Take the 2-minute tour ×
Stack Overflow is a question and answer site for professional and enthusiast programmers. It's 100% free, no registration required.

Why most hibernate application are using sequence for id generation?

Why not use the default GenerationType=AUTO in @GeneratedValue annotation?

P.S. In my professional career I see everybody is use sequences, but I don't understand why they bother with harder to deploy solution (there is always sequence create SQL command in deployment instructions).

share|improve this question
What database[s] have you targeted? Auto is pretty common for MySQL users, but not for Oracle or MS. All of the generation strategies have pros & cons, unfortunately, which is why there are so many of them. –  Will Iverson Apr 15 '11 at 14:36
@Will Oracle. I think there must be some reason behind it. –  IAdapter Apr 16 '11 at 6:17

4 Answers 4

up vote 3 down vote accepted

I see several reasons:

  1. The most used database in enterprise apps is probably Oracle, and Oracle doesn't have auto-generated IDs, but sequences.
  2. Sequences allows having the ID before inserting a new row, rather than after inserting the new row. This is easier to use and more efficient because you can batch insert statements at the end of the transaction but still have IDs definned in the middle of the transaction.
  3. Sequences allow using hilo algorithms (which is the default with the hibernate sequence generation), and thus make only one DB call for several inserts, thus increasing performance.
  4. AUTO varies between databases, whereas sequence always uses the same strategy.
share|improve this answer

From the excellent book Pro JPA 2 Mastering Java Persistence API by Mike Keith and Merrick Schincario.

From Chapter 4: Object Relational Mapping, section Identifier Generation.

[...] If an application does not care what kind of generation is used by the provider but wants generation to occur, it can specify a strategy of AUTO.

There is a catch to using AUTO, though. The provider gets to pick its own strategy to store the identifiers, but it needs to have some kind of persistent resource in order to do so. For example, if it chooses a table-based strategy, it needs to create a table; if it chooses a sequence-based strategy, it needs to create a sequence. The provider can’t always rely on the database connection that it obtains from the server to have permissions to create a table in the database. This is normally a privileged operation that is often restricted to the DBA. There will need to be some kind of creation phase or schema generation to cause the resource to be created before the AUTO strategy is able to function.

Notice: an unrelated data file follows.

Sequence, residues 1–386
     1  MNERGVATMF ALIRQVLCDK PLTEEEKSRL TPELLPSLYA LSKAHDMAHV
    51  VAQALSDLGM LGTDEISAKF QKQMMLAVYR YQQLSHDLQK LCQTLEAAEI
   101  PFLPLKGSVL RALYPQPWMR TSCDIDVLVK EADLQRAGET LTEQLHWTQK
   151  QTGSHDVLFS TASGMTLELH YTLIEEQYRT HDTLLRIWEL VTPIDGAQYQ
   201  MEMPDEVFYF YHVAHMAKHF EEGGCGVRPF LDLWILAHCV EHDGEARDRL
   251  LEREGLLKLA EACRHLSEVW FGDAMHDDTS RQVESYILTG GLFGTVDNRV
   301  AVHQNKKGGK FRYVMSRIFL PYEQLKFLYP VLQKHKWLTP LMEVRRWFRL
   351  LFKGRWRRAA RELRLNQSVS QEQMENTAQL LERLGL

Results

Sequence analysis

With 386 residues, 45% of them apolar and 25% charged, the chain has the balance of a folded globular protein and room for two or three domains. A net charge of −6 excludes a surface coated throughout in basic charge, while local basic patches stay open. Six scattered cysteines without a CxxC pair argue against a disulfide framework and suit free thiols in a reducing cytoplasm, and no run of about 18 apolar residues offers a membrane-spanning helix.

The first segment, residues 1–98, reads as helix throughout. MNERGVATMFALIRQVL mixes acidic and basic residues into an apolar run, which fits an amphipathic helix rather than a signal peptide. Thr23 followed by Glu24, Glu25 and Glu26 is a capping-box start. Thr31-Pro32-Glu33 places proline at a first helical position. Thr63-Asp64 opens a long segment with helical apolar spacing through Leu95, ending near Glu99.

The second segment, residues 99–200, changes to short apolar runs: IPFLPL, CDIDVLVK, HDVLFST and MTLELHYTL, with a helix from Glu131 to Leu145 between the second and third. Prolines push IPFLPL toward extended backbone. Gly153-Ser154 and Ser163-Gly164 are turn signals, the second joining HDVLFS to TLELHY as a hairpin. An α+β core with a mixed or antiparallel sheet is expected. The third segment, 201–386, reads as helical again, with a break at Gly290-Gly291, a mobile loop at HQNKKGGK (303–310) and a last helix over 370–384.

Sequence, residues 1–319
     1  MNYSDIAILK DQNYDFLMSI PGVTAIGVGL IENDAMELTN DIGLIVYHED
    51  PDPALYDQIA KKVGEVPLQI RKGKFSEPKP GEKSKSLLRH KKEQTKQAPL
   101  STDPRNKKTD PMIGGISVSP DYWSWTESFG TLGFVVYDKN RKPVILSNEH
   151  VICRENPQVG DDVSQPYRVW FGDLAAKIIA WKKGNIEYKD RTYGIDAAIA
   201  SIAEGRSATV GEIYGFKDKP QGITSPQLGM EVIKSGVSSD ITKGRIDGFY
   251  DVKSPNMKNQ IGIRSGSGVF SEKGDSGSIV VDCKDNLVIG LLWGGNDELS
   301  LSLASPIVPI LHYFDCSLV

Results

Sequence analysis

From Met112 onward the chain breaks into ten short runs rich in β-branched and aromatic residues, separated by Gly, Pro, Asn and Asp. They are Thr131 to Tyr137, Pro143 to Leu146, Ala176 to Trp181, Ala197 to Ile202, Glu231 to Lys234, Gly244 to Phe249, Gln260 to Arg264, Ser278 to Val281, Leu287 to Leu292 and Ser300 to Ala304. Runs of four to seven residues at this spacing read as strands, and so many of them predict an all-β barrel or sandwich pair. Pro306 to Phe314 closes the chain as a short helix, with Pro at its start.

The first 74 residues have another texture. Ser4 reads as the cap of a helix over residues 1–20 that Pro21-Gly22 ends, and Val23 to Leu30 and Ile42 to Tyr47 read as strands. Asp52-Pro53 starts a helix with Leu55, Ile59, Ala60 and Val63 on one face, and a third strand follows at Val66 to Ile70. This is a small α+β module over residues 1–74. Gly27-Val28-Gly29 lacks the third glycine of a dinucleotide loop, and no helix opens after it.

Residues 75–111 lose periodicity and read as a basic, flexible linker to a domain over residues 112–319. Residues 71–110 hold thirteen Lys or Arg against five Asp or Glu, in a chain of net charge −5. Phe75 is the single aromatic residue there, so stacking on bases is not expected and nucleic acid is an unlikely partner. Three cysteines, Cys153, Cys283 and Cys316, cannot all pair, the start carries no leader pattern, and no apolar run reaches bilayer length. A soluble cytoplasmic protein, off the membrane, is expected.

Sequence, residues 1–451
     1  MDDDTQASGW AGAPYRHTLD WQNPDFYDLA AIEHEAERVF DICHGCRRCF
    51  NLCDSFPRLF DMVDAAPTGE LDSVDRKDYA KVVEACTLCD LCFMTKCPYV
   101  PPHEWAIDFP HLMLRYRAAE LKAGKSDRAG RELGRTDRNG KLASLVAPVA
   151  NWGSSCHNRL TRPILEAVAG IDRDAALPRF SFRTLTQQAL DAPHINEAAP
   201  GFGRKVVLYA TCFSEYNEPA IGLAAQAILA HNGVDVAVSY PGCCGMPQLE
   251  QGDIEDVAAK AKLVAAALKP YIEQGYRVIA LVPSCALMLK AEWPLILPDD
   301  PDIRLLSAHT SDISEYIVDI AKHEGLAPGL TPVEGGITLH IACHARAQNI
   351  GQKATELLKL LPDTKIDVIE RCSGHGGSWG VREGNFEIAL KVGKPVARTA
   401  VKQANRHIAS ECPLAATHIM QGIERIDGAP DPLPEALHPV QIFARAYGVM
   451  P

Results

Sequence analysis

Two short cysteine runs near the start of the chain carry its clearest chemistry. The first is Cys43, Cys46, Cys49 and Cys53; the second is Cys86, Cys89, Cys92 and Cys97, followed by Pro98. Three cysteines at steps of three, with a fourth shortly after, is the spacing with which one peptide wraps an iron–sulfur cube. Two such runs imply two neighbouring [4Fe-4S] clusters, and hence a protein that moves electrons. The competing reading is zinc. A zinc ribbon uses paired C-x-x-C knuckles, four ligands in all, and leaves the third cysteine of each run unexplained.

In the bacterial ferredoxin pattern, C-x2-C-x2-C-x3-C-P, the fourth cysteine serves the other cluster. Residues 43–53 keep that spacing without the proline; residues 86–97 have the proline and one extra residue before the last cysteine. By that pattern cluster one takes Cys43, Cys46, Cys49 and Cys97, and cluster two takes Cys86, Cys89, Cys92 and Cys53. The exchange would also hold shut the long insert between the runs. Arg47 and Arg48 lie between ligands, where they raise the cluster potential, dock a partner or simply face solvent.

The AUTO mode is really a generation strategy for development or prototyping. It works well as a means of getting you up and running more quickly when the database schema is being generated. In any other situation, it would be better to use one of the other generation strategies discussed in the later sections [...]

share|improve this answer

At least for Oracle: one reason is to be able to track the number of objects in a table (for which the table-specific sequence is good, if no objects are deleted from the table). Using GenerationType=AUTO uses a global sequence number, which results in gaps in id numbers when having more than one table in the database.

share|improve this answer
interesting observation, I will check that out –  IAdapter Apr 16 '11 at 6:21
I used GenerationType=AUTO and I noticed gap in id between consecutive rows –  Amit Patel Jan 5 '12 at 14:43

There are different considerations for choosing identity generator, the most important ones are performance and portability but also clustering and data migration might be a consideration.

In practice in the latest Hibernate versions (if not all of them) the SEQUENCE strategy is actually a sequence based HiLo and not a pure sequence as must people assume.

You can read a pretty details post regarding identity generation strategies at my blog: here


share|improve this answer

Your Answer


By posting your answer, you agree to the privacy policy and terms of service.

Not the answer you're looking for? Browse other questions tagged or ask your own question.